In This Article Expand or collapse the "in this article" section The Hundred Years War

  • Introduction
  • Introductory Works
  • Encyclopedias and Biographical Reference Works
  • Bibliographies
  • Sources: Studies and Reference Works
  • Primary Source Collections
  • Journals
  • Narratives
  • Collections of Essays: Multiple Authors
  • Collections of Essays: Single Author
  • Origins and War Aims
  • Diplomacy
  • Military Structures and Organization
  • Naval

Renaissance and Reformation The Hundred Years War
Clifford J. Rogers
  • LAST REVIEWED: 10 May 2019
  • LAST MODIFIED: 10 May 2010
  • DOI: 10.1093/obo/9780195399301-0059


“The Hundred Years War” is a term invented in the 18th century and popularized by Chrysanthe-Ovide Des Michels’s 1823 tableau chronologique describing the period of conflict between 1337, when Philip VI of France formally confiscated the French possessions of his vassal, Edward III of England, and 1453, when the English attempt to recover Gascony (which had been overrun in 1451) was crushed at the battle of Castillon, leaving the English with no land in France except Calais. The principal immediate causes of the war were conflicts over the degree of sovereignty the English crown would exercise in Scotland and Aquitaine, but by 1340 these issues had become irreversibly intertwined with Edward’s claim that he, rather than Philip, was the rightful heir of Charles IV of France. By the late 19th century, the idea that this prolonged struggle had a basic unity that entitled it to a proper name was solidly entrenched. There has now been well over a century’s worth of scholarly output on the war itself eo nomine, its origins and diplomacy, its battles and campaigns, its devastating effects on France, and so on. Nineteenth-century French historians in particular made many distinguished contributions to the study of the war, many of which are still useful. Throughout the 20th century, numerous prominent historians added important studies to the literature. Because of the bulk of the scholarly work in the field, a large number of older but still important articles and books have had to be omitted from this entry; the bibliographies and notes found in the more recent works cited, however, can guide the reader to them. Societies at war for extended periods cannot but be strongly affected by that fact, and the Hundred Years War both influenced and was influenced by almost every aspect of human life in France, England, and Scotland during its long course. Some of the changes brought on or molded by the war were of the greatest significance for the general development of European history and, ultimately, of world history: The extended struggle was a chief engine of the early development of nationalism and the proto–nation-state, and of the rise of Parliament in England and a strong centralized monarchy in France. Moreover, the war’s developments in military technology (particularly artillery) and military organization provided key foundations for Europe’s rise to global hegemony in the centuries after its conclusion.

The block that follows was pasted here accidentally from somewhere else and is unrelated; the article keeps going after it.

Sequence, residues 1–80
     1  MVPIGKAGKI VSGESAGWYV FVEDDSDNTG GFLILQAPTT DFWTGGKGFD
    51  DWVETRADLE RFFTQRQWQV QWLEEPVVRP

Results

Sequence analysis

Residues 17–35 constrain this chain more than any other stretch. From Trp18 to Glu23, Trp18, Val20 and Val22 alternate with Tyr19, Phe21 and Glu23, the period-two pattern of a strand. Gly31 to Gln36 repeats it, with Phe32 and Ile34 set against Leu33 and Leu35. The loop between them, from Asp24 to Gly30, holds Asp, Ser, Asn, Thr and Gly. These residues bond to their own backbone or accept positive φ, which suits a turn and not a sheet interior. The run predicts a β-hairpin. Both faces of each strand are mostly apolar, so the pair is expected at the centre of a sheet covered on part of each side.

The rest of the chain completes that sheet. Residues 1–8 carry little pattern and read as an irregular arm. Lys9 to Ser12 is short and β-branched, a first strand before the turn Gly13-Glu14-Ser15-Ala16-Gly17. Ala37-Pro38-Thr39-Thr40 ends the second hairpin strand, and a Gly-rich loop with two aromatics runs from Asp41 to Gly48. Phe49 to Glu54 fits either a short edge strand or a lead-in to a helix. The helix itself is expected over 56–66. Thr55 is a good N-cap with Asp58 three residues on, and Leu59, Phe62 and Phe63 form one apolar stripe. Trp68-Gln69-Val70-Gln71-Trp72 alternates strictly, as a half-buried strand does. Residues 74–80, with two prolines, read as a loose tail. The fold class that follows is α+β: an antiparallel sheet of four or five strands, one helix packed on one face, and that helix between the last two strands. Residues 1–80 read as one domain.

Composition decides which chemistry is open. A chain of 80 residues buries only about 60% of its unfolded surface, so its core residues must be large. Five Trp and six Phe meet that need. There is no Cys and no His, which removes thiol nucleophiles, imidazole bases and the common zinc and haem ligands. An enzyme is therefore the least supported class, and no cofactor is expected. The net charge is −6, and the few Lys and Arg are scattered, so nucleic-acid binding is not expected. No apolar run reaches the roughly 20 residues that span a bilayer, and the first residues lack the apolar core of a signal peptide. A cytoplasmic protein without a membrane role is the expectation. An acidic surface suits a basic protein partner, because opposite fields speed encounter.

Introductory Works

Two of the best introductions to this topic—works combining narrative summaries and thematic studies—are the work of Kenneth Fowler. Fowler 1967, though heavily illustrated in a coffee-table-book format, reflects impressive scholarship, and is especially good on military matters. Fowler 1973 is a “unit” within the Open University textbook on war and society. Though obscure and hard to come by, it can be an excellent starting point for the study of this conflict. Allmand 1988, a short textbook designed for undergraduate history courses, is also very good. See Narratives for introductions to the war in that genre.

  • Allmand, Christopher Thomas. The Hundred Years War: England and France at War, c. 1300– c. 1450. Cambridge, UK: Cambridge University Press, 1988.

    Follows a thirty-one-page summary narrative with sections on intellectual approaches to war; the conduct of war; institutions of war; social change; national sentiment; and literature. A concise introduction to the subject by one of its top scholars, a 15th-century specialist.

  • Fowler, Kenneth Alan. The Age of Plantagenet and Valois: The Struggle for Supremacy, 1328–1498. New York: Putnam, 1967.

    Could have been subtitled “The Hundred Years War.” Divided into four sections: a narrative, a discussion of the military structures and leaders on both sides, a section on “chivalry, war and society,” and another on “court patronage and the arts.” Richly illustrated. Although the text unfortunately lacks endnote numbers, the notes themselves are given at the back of the book.

  • Fowler, Kenneth Alan. “The Hundred Years War.” In The Study of War and Society: Thucydides to the Eighteenth Century. Edited by Arthur Marwick and Open University, War and Society Course Team, 171–210. Bletchley, UK: Open University Press, 1973.

    A gem of concision, covering much of the same ground as Fowler 1967 (with many source quotations) in just forty pages. Intended for self-study, with comprehension questions and sample answers.

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